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18.09.2017 | Original Article | Ausgabe 6/2018

International Urogynecology Journal 6/2018

Long-term outcomes and predictors of failure after surgery for stage IV apical pelvic organ prolapse

Zeitschrift:
International Urogynecology Journal > Ausgabe 6/2018
Autoren:
Brian J. Linder, Sherif A. El-Nashar, Alain A. Mukwege, Amy L. Weaver, Michaela E. McGree, Deborah J. Rhodes, John B. Gebhart, Christopher J. Klingele, John A. Occhino, Emanuel C. Trabuco

Abstract

Introduction and hypothesis

The aim of this study was to compare outcomes after uterosacral ligament suspension (USLS) or sacrocolpopexy for symptomatic stage IV apical pelvic organ prolapse (POP) and evaluate predictors of prolapse recurrence.

Methods

The medical records of patients managed surgically for stage IV apical POP from January 2002 to June 2012 were reviewed. A follow-up survey was sent to these patients. The primary outcome, prolapse recurrence, was defined as recurrence of prolapse symptoms measured by validated questionnaire or surgical retreatment. Survival time free of prolapse recurrence was estimated using the Kaplan–Meier method, and Cox proportional hazards models evaluated factors for an association with recurrence.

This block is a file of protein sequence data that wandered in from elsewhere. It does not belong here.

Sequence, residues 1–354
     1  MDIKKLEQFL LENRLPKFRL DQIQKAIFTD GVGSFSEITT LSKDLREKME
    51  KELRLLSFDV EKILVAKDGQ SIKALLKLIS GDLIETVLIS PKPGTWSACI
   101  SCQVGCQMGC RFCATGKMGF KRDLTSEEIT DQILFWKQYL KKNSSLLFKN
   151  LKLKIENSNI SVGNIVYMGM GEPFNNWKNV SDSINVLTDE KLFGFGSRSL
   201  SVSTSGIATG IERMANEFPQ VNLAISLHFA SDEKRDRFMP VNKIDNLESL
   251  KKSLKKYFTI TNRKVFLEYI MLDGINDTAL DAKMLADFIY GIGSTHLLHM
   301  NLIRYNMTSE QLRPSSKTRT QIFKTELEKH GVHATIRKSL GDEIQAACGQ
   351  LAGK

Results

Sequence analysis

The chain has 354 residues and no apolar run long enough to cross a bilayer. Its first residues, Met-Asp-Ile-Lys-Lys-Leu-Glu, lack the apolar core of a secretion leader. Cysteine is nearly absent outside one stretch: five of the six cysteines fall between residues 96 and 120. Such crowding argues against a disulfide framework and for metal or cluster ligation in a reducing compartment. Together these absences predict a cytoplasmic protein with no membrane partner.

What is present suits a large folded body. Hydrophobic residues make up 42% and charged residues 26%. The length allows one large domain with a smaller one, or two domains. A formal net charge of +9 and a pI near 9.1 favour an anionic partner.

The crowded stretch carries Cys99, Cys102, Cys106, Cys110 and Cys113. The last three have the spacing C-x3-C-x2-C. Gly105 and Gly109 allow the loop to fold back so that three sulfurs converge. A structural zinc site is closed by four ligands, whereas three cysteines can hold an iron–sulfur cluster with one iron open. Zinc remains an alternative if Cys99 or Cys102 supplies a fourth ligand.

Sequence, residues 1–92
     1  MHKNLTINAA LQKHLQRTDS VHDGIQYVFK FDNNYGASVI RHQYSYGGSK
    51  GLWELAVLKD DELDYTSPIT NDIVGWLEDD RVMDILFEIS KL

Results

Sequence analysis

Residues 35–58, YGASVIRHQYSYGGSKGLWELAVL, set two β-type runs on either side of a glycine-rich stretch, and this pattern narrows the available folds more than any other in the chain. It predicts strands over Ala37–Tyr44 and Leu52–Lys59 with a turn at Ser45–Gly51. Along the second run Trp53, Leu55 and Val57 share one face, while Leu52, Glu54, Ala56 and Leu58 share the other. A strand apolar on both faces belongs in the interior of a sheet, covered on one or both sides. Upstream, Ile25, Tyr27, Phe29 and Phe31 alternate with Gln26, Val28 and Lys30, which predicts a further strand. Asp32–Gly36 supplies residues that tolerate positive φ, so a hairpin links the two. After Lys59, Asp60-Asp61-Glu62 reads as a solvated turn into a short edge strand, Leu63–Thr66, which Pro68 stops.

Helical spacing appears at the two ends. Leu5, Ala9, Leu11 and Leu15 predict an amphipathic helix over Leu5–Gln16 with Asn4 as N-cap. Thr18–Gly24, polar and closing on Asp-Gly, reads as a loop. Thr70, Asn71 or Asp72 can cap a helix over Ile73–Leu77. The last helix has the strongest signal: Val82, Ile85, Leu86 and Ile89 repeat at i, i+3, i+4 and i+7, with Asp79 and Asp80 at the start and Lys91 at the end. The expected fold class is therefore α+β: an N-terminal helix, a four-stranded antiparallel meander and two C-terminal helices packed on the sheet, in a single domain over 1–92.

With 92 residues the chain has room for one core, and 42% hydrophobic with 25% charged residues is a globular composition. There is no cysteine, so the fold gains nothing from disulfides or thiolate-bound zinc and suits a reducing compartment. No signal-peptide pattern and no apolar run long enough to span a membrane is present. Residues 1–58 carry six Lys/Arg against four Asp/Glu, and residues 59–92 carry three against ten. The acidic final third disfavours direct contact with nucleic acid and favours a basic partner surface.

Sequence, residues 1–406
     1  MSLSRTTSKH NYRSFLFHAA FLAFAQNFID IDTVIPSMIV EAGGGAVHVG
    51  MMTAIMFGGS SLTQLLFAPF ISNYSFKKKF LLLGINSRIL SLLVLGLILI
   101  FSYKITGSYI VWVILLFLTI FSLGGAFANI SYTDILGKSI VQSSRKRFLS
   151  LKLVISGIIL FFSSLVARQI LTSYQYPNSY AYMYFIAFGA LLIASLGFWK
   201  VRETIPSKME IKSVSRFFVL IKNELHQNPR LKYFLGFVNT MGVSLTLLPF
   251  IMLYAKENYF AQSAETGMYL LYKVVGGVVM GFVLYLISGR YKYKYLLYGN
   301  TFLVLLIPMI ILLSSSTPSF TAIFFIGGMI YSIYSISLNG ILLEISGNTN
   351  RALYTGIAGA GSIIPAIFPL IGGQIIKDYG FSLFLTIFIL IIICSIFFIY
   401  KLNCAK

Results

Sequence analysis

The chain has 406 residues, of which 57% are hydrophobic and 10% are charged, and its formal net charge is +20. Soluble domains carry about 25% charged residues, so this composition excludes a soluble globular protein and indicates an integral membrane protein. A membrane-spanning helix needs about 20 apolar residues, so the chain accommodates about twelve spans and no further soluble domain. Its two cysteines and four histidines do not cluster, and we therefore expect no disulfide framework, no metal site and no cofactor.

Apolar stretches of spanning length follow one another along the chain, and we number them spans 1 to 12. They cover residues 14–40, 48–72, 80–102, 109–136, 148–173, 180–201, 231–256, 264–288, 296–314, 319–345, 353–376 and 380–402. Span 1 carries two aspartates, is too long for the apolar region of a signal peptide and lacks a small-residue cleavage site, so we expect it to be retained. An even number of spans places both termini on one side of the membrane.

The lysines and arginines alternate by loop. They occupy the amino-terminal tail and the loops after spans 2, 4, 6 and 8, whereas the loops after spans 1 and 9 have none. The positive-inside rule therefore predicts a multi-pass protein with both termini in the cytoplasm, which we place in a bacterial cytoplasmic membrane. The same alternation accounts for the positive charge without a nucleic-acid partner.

Results

Of 2633 women treated for POP, 399 (15.2%) had stage IV apical prolapse and were managed with either USLS (n = 355) or sacrocolpopexy (n = 44). Those managed with USLS were significantly older (p < 0.001) and less likely to have a prior hysterectomy (39.7 vs 86.4%; p < 0.001) or prior apical prolapse repair (8.2 38.6%; p < 0.001). Median follow-up was 4.3 years [interquartile range (IQR) 1.1–7.7]. Survival free of recurrence was similar between USLS and sacrocolpopexy (p = 0.43), with 5-year rates of 88.7 and 97.6%, respectively. Younger age [adjusted hazard ratio (aHR) 1.55, 95% confidence interval (CI) 1.12–2.13; p = 0.008] and prior hysterectomy (aHR 2.8, 95% CI 1.39–5.64; p = 0.004) were associated with the risk of prolapse recurrence, whereas type of surgery approached statistical significance (aHR 2.76, 95% CI 0.80–9.60; p = 0.11).

Conclusions

Younger age and history of prior hysterectomy were associated with an increased risk of recurrent prolapse symptoms. Notably, excellent survival free of prolapse recurrence were obtained with both surgical techniques.

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